Charles Dickens

It is because of these things that I look upon mechanics' institutions and athenaeums as vitally important to the well-being of society. It is because the rudiments of education may there be turned to good account in the acquisition of sound principles, and of the great virtues, hope, faith, and charity, to which all our knowledge tends; it is because of that, I take it, that you have met in education's name to-night.

It is a great satisfaction to me to occupy the place I do in behalf of an infant institution; a remarkably fine child enough, of a vigorous constitution, but an infant still. I esteem myself singularly fortunate in knowing it before its prime, in the hope that I may have the pleasure of remembering in its prime, and when it has attained to its lusty maturity, that I was a friend of its youth. It has already passed through some of the disorders to which children are liable; it succeeded to an elder brother of a very meritorious character, but of rather a weak constitution, and which expired when about twelve months old, from, it is said, a destructive habit of getting up early in the morning: it succeeded this elder brother, and has fought manfully through a sea of troubles. Its friends have often been much concerned for it; its pulse has been exceedingly low, being only 1250, when it was expected to have been 10,000; several relations and friends have even gone so far as to walk off once or twice in the melancholy belief that it was dead. Through all that, assisted by the indomitable energy of one or two nurses, to whom it can never be sufficiently grateful, it came triumphantly, and now, of all the youthful members of its family I ever saw, it has the strongest attitude, the healthiest look, the brightest and most cheerful air. I find the institution nobly lodged; I find it with a reading-room, a coffee-room, and a news-room; I find it with lectures given and in progress, in sound, useful and well-selected subjects; I find it with morning and evening classes for mathematics, logic, grammar, music, French, German, Spanish, and Italian, attended by upwards of five hundred persons; but, best and first of all and what is to me more satisfactory than anything else in the history of the institution, I find that all, this has been mainly achieved by the young men of Glasgow themselves, with very little assistance. And, ladies and gentlemen, as the axiom, "Heaven helps those who help themselves," is truer in no case than it is in this, I look to the young men of Glasgow, from such a past and such a present, to a noble future. Everything that has been done in any other athenaeum, I confidently expect to see done here; and when that shall be the case, and when there shall be great cheap schools in connexion with the institution, and when it has bound together for ever all its friends, and brought over to itself all those who look upon it as an objectionable institution,--then, and not till then, I hope the young men of Glasgow will rest from their labours, and think their study done.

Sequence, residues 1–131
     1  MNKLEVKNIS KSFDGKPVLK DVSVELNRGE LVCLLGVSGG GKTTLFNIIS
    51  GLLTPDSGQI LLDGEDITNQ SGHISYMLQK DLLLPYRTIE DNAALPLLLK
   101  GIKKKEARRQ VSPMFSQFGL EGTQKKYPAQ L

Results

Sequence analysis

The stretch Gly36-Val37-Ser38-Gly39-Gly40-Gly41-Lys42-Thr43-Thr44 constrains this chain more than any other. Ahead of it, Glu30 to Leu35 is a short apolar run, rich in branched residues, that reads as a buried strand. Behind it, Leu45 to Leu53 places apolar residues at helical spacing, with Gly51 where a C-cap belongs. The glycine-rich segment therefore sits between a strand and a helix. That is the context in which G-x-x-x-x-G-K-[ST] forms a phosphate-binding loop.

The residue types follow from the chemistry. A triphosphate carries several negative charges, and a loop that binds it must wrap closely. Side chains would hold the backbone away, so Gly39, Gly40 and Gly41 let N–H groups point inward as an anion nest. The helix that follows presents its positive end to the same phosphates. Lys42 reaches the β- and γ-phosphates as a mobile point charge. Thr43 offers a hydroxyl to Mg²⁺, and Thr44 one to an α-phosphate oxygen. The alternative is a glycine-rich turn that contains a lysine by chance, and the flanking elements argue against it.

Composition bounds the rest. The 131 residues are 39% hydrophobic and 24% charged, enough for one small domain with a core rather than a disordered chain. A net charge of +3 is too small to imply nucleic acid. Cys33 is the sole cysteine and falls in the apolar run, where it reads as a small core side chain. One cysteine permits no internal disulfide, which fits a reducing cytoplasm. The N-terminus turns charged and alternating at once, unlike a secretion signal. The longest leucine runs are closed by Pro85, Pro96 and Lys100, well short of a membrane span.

If the young men of Glasgow want any stimulus or encouragement in this wise, they have one beside them in the presence of their fair townswomen, which is irresistible. It is a most delightful circumstance to me, and one fraught with inestimable benefits to institutions of this kind, that at a meeting of this nature those who in all things are our best examples, encouragers, and friends, are not excluded. The abstract idea of the Graces was in ancient times associated with those arts which refine the human understanding; and it is pleasant to see now, in the rolling of the world, the Graces popularising the practice of those arts by their example, and adorning it with their presence.

I am happy to know that in the Glasgow Athenaeum there is a peculiar bond of union between the institution and the fairest part of creation. I understand that the necessary addition to the small library of books being difficult and expensive to make, the ladies have generally resolved to hold a fancy bazaar, and to devote the proceeds to this admirable purpose; and I learn with no less pleasure that her Majesty the Queen, in a graceful and womanly sense of the excellence of this design, has consented that the bazaar shall be held under her royal patronage.